1864: Ernest Leolin Lapham to Ella Lapham

This letter was written by Ernest Leolin (“Lee”) Lapham (1846-19xx) who was 18 years old when he enlisted on 25 February 1864 to serve three years in Co. G, 25th Ohio Volunteer Infantry. He began his service as a private, was promoted to corporal on 1 August 1865, and made sergeant before he was mustered out in June 1866. Since the original members of the 25th OVI mustered out of the service on 16 July 1864 after their three years service, all that remained in the regiment were those original members who reenlisted as veterans and the new recruits. The only battlefield experience these new recruits would have was at the Battle of Honey Hill in South Carolina where the regiment’s losses in killed and wounded was 150.

Ernest was the son of Stephen Lapham (1821-1896) and Lucinda M. Hall (1823-1904) of Republic, Scipio township, Seneca county, Ohio. He was employed as a carpenter prior to his enlistment. After he was discharged from the service, Ernest came home to marry Sarah Jane (“Jennie”) McVay (1846-1918). He farmed for a time with his father-in-law in Shelby county, Ohio, and then relocated to Newton, Harvey county, Kansas, where he worked as an agent for a mining company.

Lee Lapham wrote his letter on stationery that included an engraving of President Lincoln and his Cabinet at the time (1864)


Camp near Alexandria, Virginia
March 23, 1864

Dear Sister,

Tonight as I have just come off guard and as my relief does not go on till 8 in the morning, I thought I would write you a few lines to let you know I was in the land of the living and where we are. When we left Camp Chase, we started for New York to take the boat for Charleston but after we got to New York, our orders were countermanded and so we started for Washington. We left New York in the morning of the 21st [March]. We took the boat for Amboy in New Jersey some 80 miles from New York. We had a nice ride. We were some 3 hours a going it. Now I can say I have been on the salt water. We took the cars at Amboy for Philadelphia. We went across the river to Philadelphia in the ferry boat. We got our dinner at Philadelphia. It was a good one. We were used the best at Philadelphia than any place we have been.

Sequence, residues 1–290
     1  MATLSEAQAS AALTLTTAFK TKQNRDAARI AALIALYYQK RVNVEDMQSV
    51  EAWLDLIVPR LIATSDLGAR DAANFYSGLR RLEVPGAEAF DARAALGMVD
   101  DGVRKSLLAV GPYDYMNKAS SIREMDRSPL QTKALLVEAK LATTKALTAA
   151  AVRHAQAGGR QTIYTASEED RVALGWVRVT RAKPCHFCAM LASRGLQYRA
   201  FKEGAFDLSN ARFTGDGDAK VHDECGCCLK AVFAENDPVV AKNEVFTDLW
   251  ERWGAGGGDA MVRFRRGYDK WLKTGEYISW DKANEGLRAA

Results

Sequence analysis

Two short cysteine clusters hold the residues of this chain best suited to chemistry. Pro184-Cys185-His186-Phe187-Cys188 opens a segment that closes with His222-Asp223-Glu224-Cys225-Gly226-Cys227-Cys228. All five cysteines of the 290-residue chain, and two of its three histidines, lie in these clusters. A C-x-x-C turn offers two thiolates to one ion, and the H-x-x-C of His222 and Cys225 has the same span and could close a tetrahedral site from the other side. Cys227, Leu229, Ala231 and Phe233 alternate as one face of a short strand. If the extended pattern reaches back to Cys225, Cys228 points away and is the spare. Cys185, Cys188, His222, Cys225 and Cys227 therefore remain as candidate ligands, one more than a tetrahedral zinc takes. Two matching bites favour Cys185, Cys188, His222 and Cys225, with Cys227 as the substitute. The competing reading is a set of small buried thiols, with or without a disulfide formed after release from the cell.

We crossed the river at Havre-de-Grace on the cars and they were on the boat. It was the first time I was ever on board the cars and the cars on board of a boat. The [Susquehanna] river was about half mile wide. We stayed last night at the Soldier’s retreat. This morning we crossed the Long Bridge over the Potomac. The bridge is the longest I ever saw. It is 1 mile long. We lay near Alexandria at Fort Ripley.

Good___, John Sparks, and Jacob Lips have deserted. Lips left us in Pennsylvania.

I was guard today on the wagons. Leon Smith was sent to the hospital last night. He has got the mumps on one side of his face. I do not know what time we will leave here for the front. We leave these barracks tomorrow for our tents which came tonight. I want Pa to send me 3 dollars and some postage stamps. Direct your letters to Washington D. C. I am well and hearty. I have not received any letters since I left home.

Send me some pictures. Goodbye, Ernest Lapham

One thought on “1864: Ernest Leolin Lapham to Ella Lapham”

  1. Our g- grandfather was transferred to the 25th OVI from the 107th at the wars end. These two regiments and more, along with many black troops were together on Potter’s Raid (expedition) when the war ended. I imagine that Ernest saw a little action along the way as they had several skirmishes.
    Mary Chestnut mentioned the damage to the railroads in her Civil War diary. It was a shame the raid did so much damage so late in the war as it hampered travel in that area for years after.


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